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Prison-to-College Pipeline brings the Blues to Parchman Farm

(SOUNDBITE OF SONG, "PARCHMAN FARM BLUES")

BUKKA WHITE: (Singing) I'm down on old Parchman farm. I sure want to go back home.

AILSA CHANG, HOST:

In 1940, a blues musician named Bukka White recorded "Parchman Farm Blues" about the infamous prison labor farm in the Mississippi Delta.

(SOUNDBITE OF SONG, "PARCHMAN FARM BLUES")

WHITE: (Singing) But I hope someday I will overcome.

CHANG: Today, a program at the University of Mississippi has brought blues music back to Parchman. Inmates are taking a college credit course about the blues tradition in American literature. And as John Burnett reports, they know a lot about the blues.

(CROSSTALK)

JOHN BURNETT, BYLINE: Nine big men sit attentively at their desks inside the prison. They're wearing green-and-white striped pants and shirts with MDOC convict stenciled on the back - Mississippi Department of Corrections. Their crimes range from drug possession to armed robbery to homicide. But inside this austere classroom, they're just college students. The idea of this course is to explore how the themes of the blues - bad luck and trouble, sexual escapades and euphoric freedom - get expressed in literary forms.

ADAM GUSSOW: So we're doing Hurston today. You've got the Hurston book?

UNIDENTIFIED INMATE #1: I got my Hurston book today (ph).

GUSSOW: Good.

BURNETT: On this day, Adam Gussow, a professor of English and Southern studies at Ole Miss, is teaching Zora Neale Hurston's masterpiece "Their Eyes Were Watching God." It's about a Black woman's turbulent coming of age in 1930's rural Florida. The protagonist, Janie, goes through three husbands. The last one is a rogue and a blues musician named Tea Cake.

GUSSOW: Tea Cake deepens Janie's blues feelings. Tea Cake teaches Janie all about the blues in a particular way - he loves her, and then he leaves her, and then he comes back. That's an incredibly bluesy moment, and I'm going to show you - connect it with some music.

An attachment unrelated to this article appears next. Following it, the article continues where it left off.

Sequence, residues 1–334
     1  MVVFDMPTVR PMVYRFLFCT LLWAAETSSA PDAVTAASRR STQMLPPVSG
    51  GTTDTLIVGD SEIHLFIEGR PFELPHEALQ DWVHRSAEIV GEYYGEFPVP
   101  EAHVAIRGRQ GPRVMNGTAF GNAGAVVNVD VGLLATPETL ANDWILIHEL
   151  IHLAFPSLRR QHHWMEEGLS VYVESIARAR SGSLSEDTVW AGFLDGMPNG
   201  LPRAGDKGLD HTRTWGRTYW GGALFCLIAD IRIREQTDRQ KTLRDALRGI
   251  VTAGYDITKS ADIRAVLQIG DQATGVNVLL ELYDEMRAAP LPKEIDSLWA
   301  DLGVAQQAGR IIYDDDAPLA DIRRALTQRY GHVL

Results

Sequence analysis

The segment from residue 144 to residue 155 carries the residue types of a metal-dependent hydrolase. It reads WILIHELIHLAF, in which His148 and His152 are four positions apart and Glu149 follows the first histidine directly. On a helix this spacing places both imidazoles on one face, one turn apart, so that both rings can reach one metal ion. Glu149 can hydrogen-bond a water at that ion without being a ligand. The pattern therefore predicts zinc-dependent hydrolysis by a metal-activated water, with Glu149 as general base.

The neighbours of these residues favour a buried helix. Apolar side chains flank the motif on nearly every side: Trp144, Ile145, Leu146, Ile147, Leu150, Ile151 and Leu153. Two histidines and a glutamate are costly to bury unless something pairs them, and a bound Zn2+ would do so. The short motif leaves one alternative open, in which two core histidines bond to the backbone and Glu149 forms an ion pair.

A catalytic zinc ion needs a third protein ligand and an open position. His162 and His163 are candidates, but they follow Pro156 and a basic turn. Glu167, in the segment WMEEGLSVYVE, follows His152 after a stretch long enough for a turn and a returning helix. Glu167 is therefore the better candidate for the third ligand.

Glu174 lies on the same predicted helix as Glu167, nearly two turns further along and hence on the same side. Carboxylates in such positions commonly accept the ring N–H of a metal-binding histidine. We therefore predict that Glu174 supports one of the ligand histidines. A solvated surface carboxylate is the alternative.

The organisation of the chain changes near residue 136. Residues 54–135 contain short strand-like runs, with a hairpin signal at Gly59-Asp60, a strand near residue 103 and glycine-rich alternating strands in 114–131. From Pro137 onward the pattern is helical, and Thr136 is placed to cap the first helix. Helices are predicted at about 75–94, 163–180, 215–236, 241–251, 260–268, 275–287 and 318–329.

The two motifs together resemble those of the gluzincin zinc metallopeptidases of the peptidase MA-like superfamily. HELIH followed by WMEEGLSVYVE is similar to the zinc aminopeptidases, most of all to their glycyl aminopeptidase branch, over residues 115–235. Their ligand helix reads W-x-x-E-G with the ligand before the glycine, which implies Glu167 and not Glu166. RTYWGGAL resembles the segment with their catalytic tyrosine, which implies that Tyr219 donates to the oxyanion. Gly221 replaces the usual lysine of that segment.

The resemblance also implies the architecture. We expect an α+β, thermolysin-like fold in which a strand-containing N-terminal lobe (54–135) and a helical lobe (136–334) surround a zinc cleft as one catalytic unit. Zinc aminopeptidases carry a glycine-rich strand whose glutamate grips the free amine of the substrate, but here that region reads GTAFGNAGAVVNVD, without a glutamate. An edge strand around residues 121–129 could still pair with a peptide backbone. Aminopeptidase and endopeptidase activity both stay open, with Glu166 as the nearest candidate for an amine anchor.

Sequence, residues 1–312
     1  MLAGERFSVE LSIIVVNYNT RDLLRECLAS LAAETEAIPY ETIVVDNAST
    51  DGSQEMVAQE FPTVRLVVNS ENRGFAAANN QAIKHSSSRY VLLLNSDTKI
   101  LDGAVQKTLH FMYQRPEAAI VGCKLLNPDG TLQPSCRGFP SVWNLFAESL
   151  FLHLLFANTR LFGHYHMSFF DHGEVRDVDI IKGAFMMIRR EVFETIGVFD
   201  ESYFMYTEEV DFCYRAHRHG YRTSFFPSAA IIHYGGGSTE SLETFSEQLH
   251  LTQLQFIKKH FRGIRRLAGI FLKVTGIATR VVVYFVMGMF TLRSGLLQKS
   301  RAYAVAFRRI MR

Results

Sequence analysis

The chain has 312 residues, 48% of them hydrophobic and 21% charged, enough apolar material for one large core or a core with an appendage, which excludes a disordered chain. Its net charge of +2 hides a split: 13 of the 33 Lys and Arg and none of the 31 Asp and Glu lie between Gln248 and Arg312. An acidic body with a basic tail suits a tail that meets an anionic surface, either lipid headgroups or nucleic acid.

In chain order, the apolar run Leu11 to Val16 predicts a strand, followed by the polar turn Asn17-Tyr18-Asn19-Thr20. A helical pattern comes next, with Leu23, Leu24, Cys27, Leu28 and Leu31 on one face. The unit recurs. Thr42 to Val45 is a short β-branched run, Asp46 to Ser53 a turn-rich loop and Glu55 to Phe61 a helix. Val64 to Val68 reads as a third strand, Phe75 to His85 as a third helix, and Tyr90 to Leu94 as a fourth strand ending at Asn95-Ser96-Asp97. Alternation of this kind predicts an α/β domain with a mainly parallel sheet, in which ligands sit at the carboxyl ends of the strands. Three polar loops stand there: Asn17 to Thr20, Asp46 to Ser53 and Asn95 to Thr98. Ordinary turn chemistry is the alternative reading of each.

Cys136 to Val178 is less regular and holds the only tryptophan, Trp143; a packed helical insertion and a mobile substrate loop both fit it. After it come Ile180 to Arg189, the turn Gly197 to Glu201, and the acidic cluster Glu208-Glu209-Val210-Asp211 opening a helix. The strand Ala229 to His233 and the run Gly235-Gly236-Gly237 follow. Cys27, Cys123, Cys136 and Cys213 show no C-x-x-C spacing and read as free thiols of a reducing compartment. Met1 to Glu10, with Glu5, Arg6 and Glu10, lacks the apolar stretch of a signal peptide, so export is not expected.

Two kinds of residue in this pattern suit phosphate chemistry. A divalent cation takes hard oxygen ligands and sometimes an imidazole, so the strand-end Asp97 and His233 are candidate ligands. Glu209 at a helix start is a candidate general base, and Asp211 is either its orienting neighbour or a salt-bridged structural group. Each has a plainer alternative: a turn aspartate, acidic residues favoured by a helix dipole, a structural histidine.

BURNETT: Gussow opens his laptop and clicks on a link to "Bumble Bee Blues," recorded by Memphis Minnie nearly a hundred years ago.

(SOUNDBITE OF SONG, "BUMBLE BEE BLUES")

MEMPHIS MINNIE: (Singing) Bumblebee, bumblebee, where you been so long? Bumblebee, bumblebee, where you been so long? You stung me this morning. I've been restless all day long.

BURNETT: You stung me this morning, she sings, I've been restless all day long.

GUSSOW: This is a song about a man putting desire in a woman.

UNIDENTIFIED INMATE #2: Right.

GUSSOW: Right?

UNIDENTIFIED INMATE #2: Right.

BURNETT: An inmate named Christopher Bradley raises his hand.

CHRISTOPHER BRADLEY: They're just saying that when he leaves, she miss him. Just like, hey, man. Man, I miss my baby. I'll be glad when she get home from work.

BURNETT: For these students, the blues songs may be new, but the feeling is all too familiar. In order are Ledale Williams, Mitch Price and Joe Westbrooks.

LEDALE WILLIAMS: I never looked at the blues the way I look at the blues now. Like I say, just the trials and tribulations, just being here for almost 29 years, since I was a child - so that's blues in itself.

MITCH PRICE: My mother is the daughter of a sharecropper, you know? And that's what they did in the fields. They sung the blues, you know, at the end of the rows, at break time, when they're eating bologna and crackers and cheese. It's part of my history because I used to hear my family talk about these things, so...

JOE WESTBROOKS: You know, there's more to just listening to the blues when you live the blues 'cause, you know, that's our everyday life. You are oppressed daily by being incarcerated.

BURNETT: Professor Gussow knows the music both as a scholar and a world-class harmonica player. He has taught this course, the Blues Tradition in American literature, for 25 years, but never before inside a prison.

GUSSOW: If you know something about the blues - and, of course, the blues is not just the music, but it's also a life lived hard.

BURNETT: Gussow says his typical college undergrads are young with limited life experiences. His Parchman students are grown men, most of them Black and imprisoned.

GUSSOW: Certain of our students said basically, look, I know about the blues. And they don't mean the music. In some cases, I've taught them things about the music per se that they may not have known. But they all have just taken that term and applied it to the life challenges that they've had and the negativity that they've dealt with.